In March 2021, Andrew Reise published a study of 416 respondents that worked remotely over the past year. We are presenting the findings in a three-part series. The first article discussed the impact of remote work on company culture, and now, we will look into the future of remote work post-pandemic.
As vaccination rates rise and states across the nation begin to re-open their economies, many companies are grappling with how (and if) to bring their employees back into the office. After over a year of working from home, businesses and their workers are fully aware of both the benefits and the drawbacks of remote work. Employees find the flexibility of remote work attractive while employers enjoy increased productivity with less overhead. Though socialization and collaboration can suffer, it appears that remote work works a whole lot better than many of us assumed at the start of the shutdowns. Moreover, our recent study, we found that remote workers in urban settings preferred the lifestyle flexibility of remote work so much that 33% of respondents considered moving to another part of the country. With soaring housing costs in cities like LA, NYC, Chicago, and Seattle, it’s no wonder that remote workers want to escape to areas with lower price tags. Younger, single, and child-less respondents showed an even keener interest in moving out of state, at 74%. With all of these benefits, one might deduce that remote work is here to stay; however, there’s more to the story, which we’ll dive into below.
Remote Work & Office Work: A Hybrid Solution
As the economy thaws out from the COVID freeze, businesses across the nation are at a fork in the road: Do they stay remote or bring employees back into the office? As it turns out, this decision doesn’t have to be black and white. Our research indicates that employees actually prefer a hybrid work model, part remote and part in office. 55% of our study participants would like to work the majority of the week (3 – 5 days) remotely though location and industry appear to play a role in that preference. 64% of those in rural areas prefer to work from home the majority of the week, while 66% of those in NYC prefer to return to the office. Additionally, workers in education and hospitality are less likely to want to continue with remote work. Even with these differences, the desire for a hybrid model of work is the clear winner.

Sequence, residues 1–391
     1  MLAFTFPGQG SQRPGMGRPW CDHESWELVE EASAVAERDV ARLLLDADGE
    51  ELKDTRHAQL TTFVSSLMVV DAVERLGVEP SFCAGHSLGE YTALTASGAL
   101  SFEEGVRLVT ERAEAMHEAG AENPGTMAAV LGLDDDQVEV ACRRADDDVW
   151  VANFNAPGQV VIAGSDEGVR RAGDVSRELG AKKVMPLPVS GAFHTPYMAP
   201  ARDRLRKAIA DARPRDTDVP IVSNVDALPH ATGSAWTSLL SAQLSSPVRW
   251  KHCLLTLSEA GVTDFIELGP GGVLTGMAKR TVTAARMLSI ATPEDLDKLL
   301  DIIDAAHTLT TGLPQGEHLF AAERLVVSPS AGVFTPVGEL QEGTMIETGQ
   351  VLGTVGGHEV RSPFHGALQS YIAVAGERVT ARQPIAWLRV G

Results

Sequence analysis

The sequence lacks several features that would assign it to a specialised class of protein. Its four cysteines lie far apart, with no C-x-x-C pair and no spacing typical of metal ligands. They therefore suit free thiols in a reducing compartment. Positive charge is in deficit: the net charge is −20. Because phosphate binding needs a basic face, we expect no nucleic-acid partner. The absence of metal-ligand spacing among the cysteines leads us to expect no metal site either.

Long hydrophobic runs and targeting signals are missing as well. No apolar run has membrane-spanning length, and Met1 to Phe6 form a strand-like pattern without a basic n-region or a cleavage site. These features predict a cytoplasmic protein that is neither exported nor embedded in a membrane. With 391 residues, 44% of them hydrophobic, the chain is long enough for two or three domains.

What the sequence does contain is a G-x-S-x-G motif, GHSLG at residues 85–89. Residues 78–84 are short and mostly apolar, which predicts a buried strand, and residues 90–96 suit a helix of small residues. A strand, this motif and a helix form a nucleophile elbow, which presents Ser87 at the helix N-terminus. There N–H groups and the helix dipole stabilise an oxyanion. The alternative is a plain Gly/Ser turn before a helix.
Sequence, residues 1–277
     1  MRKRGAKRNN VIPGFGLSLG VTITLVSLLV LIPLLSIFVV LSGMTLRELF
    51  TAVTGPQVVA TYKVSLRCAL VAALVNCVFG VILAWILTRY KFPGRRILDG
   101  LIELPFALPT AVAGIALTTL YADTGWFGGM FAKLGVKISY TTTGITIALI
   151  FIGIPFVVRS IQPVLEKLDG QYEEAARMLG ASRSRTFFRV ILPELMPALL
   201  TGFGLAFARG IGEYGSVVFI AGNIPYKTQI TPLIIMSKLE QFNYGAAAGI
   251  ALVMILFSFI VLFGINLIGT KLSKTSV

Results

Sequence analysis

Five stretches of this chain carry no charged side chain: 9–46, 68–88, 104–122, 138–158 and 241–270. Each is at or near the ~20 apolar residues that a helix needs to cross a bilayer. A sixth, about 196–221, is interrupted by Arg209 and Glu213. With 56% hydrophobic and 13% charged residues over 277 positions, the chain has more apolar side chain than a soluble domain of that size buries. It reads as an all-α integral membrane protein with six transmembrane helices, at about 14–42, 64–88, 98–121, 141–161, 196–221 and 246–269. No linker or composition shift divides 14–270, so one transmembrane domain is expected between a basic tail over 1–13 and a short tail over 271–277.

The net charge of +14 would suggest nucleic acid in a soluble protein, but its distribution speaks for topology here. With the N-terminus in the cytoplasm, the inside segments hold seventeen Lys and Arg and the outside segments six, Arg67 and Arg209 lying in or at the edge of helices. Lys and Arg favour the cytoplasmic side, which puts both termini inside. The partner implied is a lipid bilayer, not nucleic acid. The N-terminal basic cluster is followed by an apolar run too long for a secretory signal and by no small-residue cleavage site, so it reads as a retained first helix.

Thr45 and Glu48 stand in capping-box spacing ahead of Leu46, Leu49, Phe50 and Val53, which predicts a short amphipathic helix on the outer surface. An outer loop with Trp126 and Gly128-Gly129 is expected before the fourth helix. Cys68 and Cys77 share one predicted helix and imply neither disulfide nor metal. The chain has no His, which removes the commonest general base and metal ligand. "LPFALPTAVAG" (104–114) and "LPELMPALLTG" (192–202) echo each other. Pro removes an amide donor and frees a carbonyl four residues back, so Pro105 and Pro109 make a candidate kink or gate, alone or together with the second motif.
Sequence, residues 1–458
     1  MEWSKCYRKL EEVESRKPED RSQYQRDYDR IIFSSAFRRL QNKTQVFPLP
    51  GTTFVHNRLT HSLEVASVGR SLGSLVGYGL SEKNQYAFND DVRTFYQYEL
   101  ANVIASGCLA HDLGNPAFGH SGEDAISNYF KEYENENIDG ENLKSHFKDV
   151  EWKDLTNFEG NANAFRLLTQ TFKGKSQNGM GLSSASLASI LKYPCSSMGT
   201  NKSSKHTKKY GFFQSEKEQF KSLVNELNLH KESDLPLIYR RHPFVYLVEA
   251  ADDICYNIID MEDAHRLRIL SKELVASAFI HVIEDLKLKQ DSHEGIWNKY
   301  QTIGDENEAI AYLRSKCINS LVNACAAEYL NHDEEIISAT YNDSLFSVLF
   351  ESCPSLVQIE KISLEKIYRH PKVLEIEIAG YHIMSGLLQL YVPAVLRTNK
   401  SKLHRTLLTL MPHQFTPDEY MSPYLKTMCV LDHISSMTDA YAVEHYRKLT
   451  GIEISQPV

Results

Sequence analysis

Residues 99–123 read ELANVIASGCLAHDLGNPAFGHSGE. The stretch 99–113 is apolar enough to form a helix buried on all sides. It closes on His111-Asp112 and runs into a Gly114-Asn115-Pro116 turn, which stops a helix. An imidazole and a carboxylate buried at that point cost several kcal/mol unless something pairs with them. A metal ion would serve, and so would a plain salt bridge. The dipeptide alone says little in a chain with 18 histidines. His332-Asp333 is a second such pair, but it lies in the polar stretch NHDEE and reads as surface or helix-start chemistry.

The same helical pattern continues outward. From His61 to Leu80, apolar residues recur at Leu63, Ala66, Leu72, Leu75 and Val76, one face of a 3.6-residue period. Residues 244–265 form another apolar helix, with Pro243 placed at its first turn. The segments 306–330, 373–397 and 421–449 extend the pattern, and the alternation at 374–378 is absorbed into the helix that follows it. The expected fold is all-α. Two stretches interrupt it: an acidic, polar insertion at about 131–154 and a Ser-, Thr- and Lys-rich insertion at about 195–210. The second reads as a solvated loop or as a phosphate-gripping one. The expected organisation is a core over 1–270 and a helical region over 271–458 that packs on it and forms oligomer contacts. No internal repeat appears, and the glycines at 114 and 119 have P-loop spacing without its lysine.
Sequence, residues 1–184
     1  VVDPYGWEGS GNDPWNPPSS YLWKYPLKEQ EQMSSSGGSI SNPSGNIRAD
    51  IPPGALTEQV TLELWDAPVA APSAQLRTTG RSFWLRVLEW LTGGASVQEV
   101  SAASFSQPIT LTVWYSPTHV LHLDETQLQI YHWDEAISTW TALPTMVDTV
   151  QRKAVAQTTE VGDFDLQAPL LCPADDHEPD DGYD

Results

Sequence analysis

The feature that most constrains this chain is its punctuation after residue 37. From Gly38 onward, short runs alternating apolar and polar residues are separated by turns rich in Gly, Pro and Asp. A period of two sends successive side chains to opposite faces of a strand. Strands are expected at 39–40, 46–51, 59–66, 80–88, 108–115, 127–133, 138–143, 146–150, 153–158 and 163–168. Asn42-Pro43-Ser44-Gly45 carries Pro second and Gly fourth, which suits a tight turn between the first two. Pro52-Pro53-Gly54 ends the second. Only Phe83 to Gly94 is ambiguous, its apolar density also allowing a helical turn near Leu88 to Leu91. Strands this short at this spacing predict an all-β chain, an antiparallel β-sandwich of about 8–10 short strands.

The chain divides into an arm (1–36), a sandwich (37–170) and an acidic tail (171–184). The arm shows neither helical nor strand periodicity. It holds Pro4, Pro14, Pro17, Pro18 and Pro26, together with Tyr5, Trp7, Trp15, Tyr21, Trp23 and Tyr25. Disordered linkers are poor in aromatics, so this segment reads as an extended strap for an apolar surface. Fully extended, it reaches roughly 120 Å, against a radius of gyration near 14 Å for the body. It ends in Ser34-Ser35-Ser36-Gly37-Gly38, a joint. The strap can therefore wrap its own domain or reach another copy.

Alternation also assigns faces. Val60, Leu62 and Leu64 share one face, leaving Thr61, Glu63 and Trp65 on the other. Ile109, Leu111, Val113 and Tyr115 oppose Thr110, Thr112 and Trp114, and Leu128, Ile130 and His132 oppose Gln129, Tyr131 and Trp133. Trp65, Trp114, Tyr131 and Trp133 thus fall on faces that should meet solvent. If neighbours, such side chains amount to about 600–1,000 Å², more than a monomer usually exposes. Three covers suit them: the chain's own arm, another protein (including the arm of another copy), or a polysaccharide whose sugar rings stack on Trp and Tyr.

As we head into the second half of 2021, it’s crucial that employers don’t ignore the lasting implications of COVID shutdowns on employee preferences and workplace culture. Over half of the participants in our study (53%) stated that they would like to have office space available for equipment use and collaboration with co-workers. Though the majority of respondents wanted to work most days of the week remotely, it’s clear from our data that the need for an office still exists. Culture can be maintained virtually to some extent, but it’s not a replacement for face-to-face meetings. Furthermore, workers with higher pay scales expressed a need for office space to meet with clients (46%).
No matter what path organizations choose to walk post-pandemic, those that offer remote work on any basis need to provide professional development opportunities to bolster culture and employee experience.
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